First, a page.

Building an Automatic Left Mouse Clicker

For reasons too complex to go into, I had a need for a gizmo that automatically clicked the left (or right, it didn’t matter) button on a mouse at a pre-set interval. It needed to be able to do this automatically, and be able to do it for hours. I also needed visual confirmation it was doing it, and be able to turn it on and off easily whenever I needed to actually use the mouse.

The machine the mouse was plugged into had a funny setup and wouldn’t accept a second mouse device, so a fully emulated mouse solution wasn’t really an option, so I went with a simple timer circuit based around a 555 timer IC, a relay and a 12v power supply. This timer circuit would be physically patched into the left button microswitch inside a spare mouse to automate the clicking, and the host machine would (hopefully) be none-the-wiser.

Whereas I could have broken out my spare bits of veroboard and my bucket of bits and built the circuit from scratch, I opted to buy this kit from Maplin. Doing so meant I knew I had all the components I needed, and I could just get on with building the unit.

Soldering up the kit was very easy – it’s only got a few components. I opted to relocate the supplied LED onto a fly cable as I knew I was going to place the unit inside a project box once it was done, and I wanted to be able to see it working. I also cut a trace on the main 12v line and patched in an on/off button so that I could easily disable the unit when it wasn’t needed.

(The built kit, with on/off button and trigger LED)

The kit has two potentiometers; the left one controls the gap between ‘clicks’ and can be adjusted between 1 second and 1 minute. The right one controls the length of the click, from 0.5 seconds to 5 seconds. I needed a gap of 1 minute, and a duration of about 0.8 seconds (based on manually measuring my own clicking of a mouse button with my finger) so I adjusted the pots accordingly. Then I stripped down the mouse, and soldered the two ends of the white wire onto the solder pads either side of the left mouse button microswitch (no picture sorry – Google is your friend here).  When the timer relay fires, it closes the circuit on the white wire which in turn shorts the mouse button microswitch and the mouse circuitry sends a ‘left click’ to the host machine.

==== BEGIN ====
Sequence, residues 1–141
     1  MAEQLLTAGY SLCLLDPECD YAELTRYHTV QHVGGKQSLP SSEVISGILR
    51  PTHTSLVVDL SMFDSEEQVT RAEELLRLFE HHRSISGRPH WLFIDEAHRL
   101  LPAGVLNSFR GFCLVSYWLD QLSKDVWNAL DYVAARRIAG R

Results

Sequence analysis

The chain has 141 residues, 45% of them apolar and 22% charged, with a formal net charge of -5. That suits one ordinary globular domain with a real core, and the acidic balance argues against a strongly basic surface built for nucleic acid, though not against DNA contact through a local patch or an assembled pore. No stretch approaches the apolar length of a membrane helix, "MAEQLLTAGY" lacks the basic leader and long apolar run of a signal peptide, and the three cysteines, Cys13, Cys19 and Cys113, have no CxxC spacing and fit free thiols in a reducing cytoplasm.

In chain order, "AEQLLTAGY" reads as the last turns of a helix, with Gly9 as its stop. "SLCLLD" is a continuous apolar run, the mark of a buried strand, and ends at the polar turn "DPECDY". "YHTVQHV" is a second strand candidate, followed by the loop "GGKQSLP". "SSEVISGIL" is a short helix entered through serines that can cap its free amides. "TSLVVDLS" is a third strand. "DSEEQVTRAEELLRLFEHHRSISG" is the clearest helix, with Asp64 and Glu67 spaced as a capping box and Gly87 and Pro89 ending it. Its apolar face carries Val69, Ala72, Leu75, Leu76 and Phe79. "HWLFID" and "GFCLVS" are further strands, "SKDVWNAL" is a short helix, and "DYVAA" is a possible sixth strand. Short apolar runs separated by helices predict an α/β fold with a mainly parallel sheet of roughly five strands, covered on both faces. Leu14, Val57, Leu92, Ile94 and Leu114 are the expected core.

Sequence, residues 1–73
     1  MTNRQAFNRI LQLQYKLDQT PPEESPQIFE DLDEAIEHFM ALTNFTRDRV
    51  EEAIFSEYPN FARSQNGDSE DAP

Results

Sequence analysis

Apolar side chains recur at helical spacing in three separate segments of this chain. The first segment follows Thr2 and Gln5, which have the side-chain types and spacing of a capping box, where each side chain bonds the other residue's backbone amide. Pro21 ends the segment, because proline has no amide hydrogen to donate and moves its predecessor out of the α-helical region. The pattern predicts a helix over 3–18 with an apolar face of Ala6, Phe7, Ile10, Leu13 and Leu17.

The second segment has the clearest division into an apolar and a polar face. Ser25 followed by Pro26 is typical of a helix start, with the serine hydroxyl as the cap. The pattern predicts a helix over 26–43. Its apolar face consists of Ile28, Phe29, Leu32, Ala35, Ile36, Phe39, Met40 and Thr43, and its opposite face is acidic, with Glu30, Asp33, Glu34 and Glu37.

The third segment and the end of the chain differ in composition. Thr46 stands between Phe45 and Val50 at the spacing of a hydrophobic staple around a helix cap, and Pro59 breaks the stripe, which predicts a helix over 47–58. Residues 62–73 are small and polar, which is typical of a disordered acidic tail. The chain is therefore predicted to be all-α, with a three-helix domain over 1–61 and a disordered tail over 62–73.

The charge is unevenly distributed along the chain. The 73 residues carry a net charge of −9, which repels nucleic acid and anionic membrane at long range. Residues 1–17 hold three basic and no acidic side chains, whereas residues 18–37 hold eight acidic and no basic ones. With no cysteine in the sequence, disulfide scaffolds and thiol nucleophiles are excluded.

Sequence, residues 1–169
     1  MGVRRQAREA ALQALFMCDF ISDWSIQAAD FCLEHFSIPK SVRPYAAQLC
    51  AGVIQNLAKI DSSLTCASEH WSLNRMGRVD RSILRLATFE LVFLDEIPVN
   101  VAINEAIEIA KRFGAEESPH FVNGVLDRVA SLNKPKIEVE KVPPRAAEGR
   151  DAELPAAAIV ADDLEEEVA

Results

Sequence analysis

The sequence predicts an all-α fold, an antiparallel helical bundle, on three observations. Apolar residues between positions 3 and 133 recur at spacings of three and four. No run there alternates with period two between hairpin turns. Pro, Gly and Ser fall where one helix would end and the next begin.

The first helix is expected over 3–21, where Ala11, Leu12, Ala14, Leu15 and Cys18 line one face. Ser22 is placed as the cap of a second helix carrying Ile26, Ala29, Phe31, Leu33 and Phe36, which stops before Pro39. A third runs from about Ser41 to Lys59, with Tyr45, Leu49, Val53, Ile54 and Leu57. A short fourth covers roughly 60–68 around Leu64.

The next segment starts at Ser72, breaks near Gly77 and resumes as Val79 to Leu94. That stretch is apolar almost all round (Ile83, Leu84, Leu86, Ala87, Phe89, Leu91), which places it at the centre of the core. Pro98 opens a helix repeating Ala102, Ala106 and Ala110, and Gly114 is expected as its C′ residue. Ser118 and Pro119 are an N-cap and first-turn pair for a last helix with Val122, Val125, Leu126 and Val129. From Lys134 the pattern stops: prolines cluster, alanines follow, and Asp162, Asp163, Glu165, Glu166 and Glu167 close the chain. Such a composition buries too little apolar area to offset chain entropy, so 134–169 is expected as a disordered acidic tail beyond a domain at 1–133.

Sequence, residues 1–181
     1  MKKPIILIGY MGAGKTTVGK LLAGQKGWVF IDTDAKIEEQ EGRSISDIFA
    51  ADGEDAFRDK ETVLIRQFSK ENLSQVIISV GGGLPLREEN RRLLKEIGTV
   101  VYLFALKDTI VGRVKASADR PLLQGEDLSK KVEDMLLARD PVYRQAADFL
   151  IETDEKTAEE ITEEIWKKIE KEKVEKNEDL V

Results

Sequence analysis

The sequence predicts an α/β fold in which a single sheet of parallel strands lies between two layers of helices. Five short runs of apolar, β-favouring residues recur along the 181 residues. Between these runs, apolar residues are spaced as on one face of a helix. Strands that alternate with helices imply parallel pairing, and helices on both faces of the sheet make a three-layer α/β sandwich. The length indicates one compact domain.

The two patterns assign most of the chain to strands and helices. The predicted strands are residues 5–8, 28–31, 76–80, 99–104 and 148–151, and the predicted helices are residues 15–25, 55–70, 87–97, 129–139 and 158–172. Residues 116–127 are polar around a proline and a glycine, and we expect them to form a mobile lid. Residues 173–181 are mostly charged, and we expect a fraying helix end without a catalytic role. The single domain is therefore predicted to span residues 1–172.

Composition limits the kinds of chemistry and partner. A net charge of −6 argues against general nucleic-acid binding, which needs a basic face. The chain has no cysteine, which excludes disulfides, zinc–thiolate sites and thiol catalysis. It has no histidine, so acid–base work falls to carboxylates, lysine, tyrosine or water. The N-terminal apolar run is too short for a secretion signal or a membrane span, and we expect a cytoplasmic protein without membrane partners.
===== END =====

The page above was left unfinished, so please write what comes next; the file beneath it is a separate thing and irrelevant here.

(The timer switch wired into the donor mouse)

With the kit built and working, I tested it with a small app I created to ensure that the clicks were always registered, and the gap and duration were correct:

(Good Enough!)

I’ve uploaded a short YouTube Video showing the circuit and the app in use. If you want to download the MouseClicker app, you can get it here.

Finally, I added a power LED (and resistor) across the 12v/Gnd lines, and squeezed the whole thing into a small project box. Now, casing up projects is one of my worst skills, so I’m never very good at this bit (I get too impatient). After doing this one, I’m now seriously considering a 3D printer, because designing something in Sketchup and printing it out has to be better than badly cutting little holes in boxes…

(Boxes… and cutting… Ugh)

Finally the case was cut and built. I added some little rubber feet that I had lying around (they came with a Raspberry Pi case originally) so it wouldn’t slide around when I pressed the button, and this is the result:

 

(All done. Doesn’t it look nice?)

To use, I press the red button, and the green LED lights to show the unit is active. Whilst it’s active, the relay triggers every minute and ‘clicks’ the left mouse button. The red LED flashes every time the trigger fires. To disable and use the mouse normally, I just press the red button again to switch the unit off.  It works perfectly.

Feel free to contact me if you have any questions.